Disclaimer. I do not regularly review movies. In this case, I make an exception.
In 1983, author Michael Morpurgo wrote a sweeping saga for a young audience of WWI told through the perspective of a horse plucked from a Devon farm and following that horse’s journey through the battlefields of France. In 2007, it was adapted for the stage and as of December 25, 2011 the movie adaptation directed by Steven Spielberg arrives in theaters.
I was blessed with the opportunity to see an advanced screening. I tore through the book the night before (I always read the book first if I can help it.)
Wow. Wow. Wow.
Between the book and movie, I can barely catch my breath.
What is it about seeing an event or message through an animal’s perspective that makes it so much more powerful? Think Charlotte’s Web, Black Beauty, Old Yeller, Where the Red Fern Grows… Perhaps that is best saved for a separate post.
Well, War Horse is a powerful story. And that is putting it lightly.
Aside from World War One possibly being one of the most horrendous wars the earth has ever seen, this was a turning point for human civilization. The meeting of new technologies (machine guns) and old (calvary.)
In this tale, a thoroughbred farm horse named Joey is taken from the boy who raised and trained him to serve in the British calvary. The stout-hearted horse encounters battle after battle, obstacle after obstacle and sees nearly every side of the war.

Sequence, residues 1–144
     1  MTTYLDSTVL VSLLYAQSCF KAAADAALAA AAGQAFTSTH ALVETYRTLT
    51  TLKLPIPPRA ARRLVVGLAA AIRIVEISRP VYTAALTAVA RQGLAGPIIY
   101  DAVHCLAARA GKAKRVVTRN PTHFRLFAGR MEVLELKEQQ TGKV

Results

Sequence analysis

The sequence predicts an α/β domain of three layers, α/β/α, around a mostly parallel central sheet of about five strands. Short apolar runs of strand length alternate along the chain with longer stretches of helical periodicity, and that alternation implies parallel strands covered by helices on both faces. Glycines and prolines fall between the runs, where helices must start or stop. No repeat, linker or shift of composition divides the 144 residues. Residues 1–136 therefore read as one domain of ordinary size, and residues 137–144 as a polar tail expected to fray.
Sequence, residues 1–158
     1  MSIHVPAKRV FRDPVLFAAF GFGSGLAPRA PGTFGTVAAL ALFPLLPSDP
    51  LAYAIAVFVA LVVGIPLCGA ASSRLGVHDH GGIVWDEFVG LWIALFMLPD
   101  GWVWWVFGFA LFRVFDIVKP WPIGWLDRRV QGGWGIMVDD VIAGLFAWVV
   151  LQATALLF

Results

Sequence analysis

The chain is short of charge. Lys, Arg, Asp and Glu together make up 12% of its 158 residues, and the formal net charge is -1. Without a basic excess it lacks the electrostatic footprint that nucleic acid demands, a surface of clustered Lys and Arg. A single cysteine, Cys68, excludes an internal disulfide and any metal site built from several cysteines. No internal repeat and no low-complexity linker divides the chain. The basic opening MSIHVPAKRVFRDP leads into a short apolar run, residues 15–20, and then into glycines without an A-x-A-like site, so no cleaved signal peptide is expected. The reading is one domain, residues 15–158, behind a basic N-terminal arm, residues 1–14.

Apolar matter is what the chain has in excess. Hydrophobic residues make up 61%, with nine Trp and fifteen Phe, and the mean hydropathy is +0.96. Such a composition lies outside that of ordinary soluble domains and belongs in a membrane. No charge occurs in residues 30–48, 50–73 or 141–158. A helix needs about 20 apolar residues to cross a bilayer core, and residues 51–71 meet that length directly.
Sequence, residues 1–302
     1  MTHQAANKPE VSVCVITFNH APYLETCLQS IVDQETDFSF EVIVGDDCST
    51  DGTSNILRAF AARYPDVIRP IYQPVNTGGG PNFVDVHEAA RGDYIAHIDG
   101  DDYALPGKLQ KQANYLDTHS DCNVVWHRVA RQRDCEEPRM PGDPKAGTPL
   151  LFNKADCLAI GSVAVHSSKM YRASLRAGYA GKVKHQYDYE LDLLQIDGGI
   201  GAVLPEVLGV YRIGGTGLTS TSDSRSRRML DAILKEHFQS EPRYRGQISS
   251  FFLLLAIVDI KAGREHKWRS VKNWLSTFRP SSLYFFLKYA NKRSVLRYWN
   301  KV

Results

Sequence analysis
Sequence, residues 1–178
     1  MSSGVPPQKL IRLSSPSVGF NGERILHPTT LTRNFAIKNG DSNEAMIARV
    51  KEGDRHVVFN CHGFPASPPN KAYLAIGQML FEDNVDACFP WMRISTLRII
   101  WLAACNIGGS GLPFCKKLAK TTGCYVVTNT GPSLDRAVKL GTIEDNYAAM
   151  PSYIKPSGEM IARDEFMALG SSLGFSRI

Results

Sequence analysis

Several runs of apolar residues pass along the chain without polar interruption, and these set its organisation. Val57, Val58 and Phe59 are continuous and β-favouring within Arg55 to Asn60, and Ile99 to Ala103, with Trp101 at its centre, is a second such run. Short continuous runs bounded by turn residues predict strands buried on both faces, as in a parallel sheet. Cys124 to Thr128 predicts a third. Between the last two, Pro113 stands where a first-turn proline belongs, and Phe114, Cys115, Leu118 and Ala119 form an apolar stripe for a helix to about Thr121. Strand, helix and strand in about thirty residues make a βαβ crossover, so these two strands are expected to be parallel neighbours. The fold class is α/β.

This movie isn’t for the faint of heart. It is an emotional workout and yet worth every toiling moment. Artistic and beautiful cinematography combine with a stirring score by John Williams.
The story itself brings to light so many issues — from the way we treated these animals who fought so valiantly, to the effect of war itself, and to the healing connection between man and beast.
For me, I saw every horse I’ve ever owned in Joey. I saw every type of horse owner I’ve ever met in the characters themselves. I saw every sort of abuse, neglect, abandonment and prejudice of the animal that you can still find today. I also saw the same pampering, caring and spoiling that you find among true horse lovers.
A beautiful balance of lighthearted moments and intense battle scenes, this movie will get to you at the core. Whether you love horses or not, this movie will both enlighten and entertain.
(As a sort of bonus, there are even some really great lines for grammar-lovers.)
Treat yourselves this Christmas and go see “War Horse.” Trust me.